The Benefit of Being Creative

Why do we create, anyway? Is it to be known? To be rich? Or is there another, better reason? I recently read two things about art and life that seem to be connected and together may offer a glimpse of the real benefit of being creative.

One came in a social network post from a friend who is a fan of Julia Cameron’s The Artist’s Way. Cameron advocates a daily discipline called the Morning Pages. A practice for everyone, artist or not, Morning Pages is a variation on the writer’s dictum to write every day and the spiritual discipline of journaling. Morning Pages means three pages of stream of consciousness writing on anything in your life. Done once or twice, it may reveal an insight or helpful tidbit, but done every day it supposedly becomes life changing. (I have tried it, once or twice, and found a few helpful insights and tidbits.)

The other comes from a letter from an elderly Kurt Vonnegut, written to a group of high school students in 2006, on the value of doing something artistic every day. He writes:

…Practice any art, music, singing, dancing, acting, drawing, painting, sculpting, poetry, fiction, essays, reportage, no matter how well or badly, not to get money and fame, but to experience becoming, to find out what’s inside you, to make your soul grow. Seriously! I mean starting right now, do art and do it for the rest of your lives. Draw a funny or nice picture of Ms. Lockwood, and give it to her. Dance home after school, and sing in the shower and on and on. Make a face in your mashed potatoes. Pretend you’re Count Dracula.

Here’s an assignment for tonight, and I hope Ms. Lockwood will flunk you if you don’t do it: Write a six line poem, about anything, but rhymed. No fair tennis without a net. Make it as good as you possibly can. But don’t tell anybody what you’re doing. Don’t show it or recite it to anybody, not even your girlfriend or parents or whatever, or Ms. Lockwood. OK?

Tear it up into teeny-weeny pieces, and discard them into widely separated trash recepticals [sic]. You will find that you have already been gloriously rewarded for your poem. You have experienced becoming, learned a lot more about what’s inside you, and you have made your soul grow.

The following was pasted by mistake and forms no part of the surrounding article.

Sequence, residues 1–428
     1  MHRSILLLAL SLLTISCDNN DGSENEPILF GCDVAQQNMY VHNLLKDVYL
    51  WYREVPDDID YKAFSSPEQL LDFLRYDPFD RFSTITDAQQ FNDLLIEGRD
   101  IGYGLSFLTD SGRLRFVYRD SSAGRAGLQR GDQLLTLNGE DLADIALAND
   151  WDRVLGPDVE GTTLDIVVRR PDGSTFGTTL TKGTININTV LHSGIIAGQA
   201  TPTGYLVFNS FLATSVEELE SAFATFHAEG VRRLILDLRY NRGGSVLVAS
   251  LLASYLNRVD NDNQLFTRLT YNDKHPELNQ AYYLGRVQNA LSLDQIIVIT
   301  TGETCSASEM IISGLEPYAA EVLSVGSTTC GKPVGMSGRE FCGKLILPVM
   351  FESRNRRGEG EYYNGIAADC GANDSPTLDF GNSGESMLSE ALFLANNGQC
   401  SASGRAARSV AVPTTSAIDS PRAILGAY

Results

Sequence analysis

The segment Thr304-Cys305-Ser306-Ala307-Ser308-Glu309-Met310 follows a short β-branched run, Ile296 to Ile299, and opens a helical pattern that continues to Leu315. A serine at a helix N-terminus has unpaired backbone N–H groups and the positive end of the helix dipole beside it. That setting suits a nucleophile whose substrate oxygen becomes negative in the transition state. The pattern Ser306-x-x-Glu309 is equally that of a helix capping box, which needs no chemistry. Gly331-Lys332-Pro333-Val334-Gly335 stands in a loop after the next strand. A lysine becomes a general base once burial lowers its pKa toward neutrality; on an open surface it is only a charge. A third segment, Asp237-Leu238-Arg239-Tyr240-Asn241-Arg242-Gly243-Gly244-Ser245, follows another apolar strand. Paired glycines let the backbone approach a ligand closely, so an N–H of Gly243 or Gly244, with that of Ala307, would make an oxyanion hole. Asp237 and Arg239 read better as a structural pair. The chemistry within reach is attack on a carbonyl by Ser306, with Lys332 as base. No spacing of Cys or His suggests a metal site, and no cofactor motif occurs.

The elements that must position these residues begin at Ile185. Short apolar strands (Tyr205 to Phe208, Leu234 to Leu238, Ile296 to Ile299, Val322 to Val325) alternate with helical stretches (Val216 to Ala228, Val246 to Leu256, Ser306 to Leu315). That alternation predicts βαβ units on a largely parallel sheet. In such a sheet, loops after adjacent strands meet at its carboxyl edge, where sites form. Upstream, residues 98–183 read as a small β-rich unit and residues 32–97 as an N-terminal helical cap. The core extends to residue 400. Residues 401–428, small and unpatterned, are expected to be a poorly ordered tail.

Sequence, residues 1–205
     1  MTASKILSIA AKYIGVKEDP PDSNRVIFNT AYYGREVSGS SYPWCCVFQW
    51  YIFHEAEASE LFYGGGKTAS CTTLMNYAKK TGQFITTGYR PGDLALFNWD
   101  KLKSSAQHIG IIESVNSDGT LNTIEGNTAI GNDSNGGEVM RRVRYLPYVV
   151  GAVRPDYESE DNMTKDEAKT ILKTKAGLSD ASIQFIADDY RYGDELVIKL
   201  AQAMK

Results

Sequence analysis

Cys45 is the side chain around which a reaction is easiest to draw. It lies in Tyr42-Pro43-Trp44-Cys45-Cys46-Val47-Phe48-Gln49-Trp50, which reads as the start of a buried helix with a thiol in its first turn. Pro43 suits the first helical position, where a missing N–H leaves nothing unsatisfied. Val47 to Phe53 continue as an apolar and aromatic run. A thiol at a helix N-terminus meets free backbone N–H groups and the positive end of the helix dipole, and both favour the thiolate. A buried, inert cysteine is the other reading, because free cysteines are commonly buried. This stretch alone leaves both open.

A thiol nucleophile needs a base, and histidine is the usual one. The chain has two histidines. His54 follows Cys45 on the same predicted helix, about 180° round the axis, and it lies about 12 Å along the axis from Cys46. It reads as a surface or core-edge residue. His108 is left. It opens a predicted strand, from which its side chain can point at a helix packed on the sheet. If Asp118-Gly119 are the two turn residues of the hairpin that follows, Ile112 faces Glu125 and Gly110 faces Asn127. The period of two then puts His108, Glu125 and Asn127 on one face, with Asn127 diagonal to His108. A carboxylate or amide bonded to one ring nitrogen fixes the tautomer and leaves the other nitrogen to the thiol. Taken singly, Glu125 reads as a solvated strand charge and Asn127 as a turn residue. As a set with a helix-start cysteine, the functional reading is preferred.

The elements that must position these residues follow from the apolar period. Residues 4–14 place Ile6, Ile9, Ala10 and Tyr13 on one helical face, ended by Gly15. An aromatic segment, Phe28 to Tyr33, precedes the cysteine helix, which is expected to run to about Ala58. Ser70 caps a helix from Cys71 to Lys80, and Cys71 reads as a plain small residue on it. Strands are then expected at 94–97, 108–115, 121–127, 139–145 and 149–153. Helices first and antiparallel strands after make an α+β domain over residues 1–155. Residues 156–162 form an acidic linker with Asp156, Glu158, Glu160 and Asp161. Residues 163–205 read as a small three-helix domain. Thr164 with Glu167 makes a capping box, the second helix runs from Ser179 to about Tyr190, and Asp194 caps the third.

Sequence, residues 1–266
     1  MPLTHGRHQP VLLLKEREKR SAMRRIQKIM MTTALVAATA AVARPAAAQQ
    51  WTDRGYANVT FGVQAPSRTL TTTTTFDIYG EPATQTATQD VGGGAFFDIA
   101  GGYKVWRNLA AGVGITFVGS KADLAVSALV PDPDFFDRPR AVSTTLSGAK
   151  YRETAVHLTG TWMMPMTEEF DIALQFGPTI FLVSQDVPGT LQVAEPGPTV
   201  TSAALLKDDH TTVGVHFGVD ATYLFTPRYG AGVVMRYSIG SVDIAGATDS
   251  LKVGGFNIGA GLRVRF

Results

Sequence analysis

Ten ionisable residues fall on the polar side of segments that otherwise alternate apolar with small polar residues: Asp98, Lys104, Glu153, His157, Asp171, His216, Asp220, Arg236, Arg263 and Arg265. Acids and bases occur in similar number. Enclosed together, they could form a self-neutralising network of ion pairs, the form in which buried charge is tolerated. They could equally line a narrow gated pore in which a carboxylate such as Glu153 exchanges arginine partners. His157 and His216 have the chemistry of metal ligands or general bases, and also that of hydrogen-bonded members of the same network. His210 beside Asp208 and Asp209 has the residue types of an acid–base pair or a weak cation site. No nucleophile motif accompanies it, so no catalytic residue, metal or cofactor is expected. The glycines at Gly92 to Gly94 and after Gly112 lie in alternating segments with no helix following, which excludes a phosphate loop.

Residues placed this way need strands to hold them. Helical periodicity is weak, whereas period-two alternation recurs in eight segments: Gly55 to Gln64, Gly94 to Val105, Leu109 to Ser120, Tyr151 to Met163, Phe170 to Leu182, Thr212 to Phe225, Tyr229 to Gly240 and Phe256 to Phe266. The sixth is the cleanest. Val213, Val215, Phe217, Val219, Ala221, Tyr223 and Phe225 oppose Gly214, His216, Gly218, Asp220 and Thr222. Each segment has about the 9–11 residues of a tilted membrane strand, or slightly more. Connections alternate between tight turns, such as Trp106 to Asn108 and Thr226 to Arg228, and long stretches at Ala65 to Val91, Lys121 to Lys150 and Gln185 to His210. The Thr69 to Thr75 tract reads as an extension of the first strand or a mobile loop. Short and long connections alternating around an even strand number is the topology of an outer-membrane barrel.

These two pieces of advice are different, but they’re the same, and say something about what I believe about creativity:

  • Creativity is for everyone.
  • When you create, you make art. It may be bad, but it’s still art.
  • Everyone is creative at something and therefore an artist at something.
  • To make some great art, you’ve got to make a lot of really bad art.
  • Though others may enjoy it, our art isn’t for other people’s benefit, but for our own.
  • The secret is to just start creating, and to do it every day.
  • When we create every day, the result is that we find out what’s inside us.

“Becoming,” as Vonnegut calls it, is sadly lost in our culture of consumption. And it’s killing us. Creating is a key – maybe the key – to renewal, personally and culturally. But we avoid it because it’s hard and we humans, as a rule, just want comfort.

This is sad, because creating, in some form or another, is your life work, and mine. Each of us is made to make something. Finding and doing what we’re made to make is the means by which we live out our Creator God’s design for us.

This is the benefit of creativity.


About the Author

Len Wilson

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Christ follower. Storyteller. Strategist. Writer. Creative Director at St Andrew. Tickle monster. Author, Think Like a Five Year Old (Abingdon).